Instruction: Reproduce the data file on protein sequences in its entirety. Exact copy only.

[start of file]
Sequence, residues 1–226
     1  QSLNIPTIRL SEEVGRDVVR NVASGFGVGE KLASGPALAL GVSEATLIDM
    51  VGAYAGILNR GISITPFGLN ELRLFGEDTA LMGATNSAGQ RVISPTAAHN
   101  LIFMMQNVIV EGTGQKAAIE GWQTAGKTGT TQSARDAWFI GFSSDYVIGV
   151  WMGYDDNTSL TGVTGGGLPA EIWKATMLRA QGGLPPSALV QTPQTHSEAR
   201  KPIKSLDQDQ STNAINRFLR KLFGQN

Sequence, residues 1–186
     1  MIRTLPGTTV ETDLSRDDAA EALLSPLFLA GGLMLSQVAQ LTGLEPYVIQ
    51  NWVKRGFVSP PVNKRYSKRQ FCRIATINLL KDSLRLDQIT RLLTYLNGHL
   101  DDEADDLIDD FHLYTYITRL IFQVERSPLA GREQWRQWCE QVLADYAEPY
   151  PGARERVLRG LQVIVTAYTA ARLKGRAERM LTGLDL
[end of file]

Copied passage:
Sequence, residues 1–226
     1  QSLNIPTIRL SEEVGRDVVR NVASGFGVGE KLASGPALAL GVSEATLIDM
    51  VGAYAGILNR GISITPFGLN ELRLFGEDTA LMGATNSAGQ RVISPTAAHN
   101  LIFMMQNVIV EGTGQKAAIE GWQTAGKTGT TQSARDAWFI GFSSDYVIGV
   151  WMGYDDNTSL TGVTGGGLPA EIWKATMLRA QGGLPPSALV QTPQTHSEAR
   201  KPIKSLDQDQ STNAINRFLR KLFGQN

Sequence, residues 1–186
     1  MIRTLPGTTV ETDLSRDDAA EALLSPLFLA GGLMLSQVAQ LTGLEPYVIQ
    51  NWVKRGFVSP PVNKRYSKRQ FCRIATINLL KDSLRLDQIT RLLTYLNGHL
   101  DDEADDLIDD FHLYTYITRL IFQVERSPLA GREQWRQWCE QVLADYAEPY
   151  PGARERVLRG LQVIVTAYTA ARLKGRAERM LTGLDL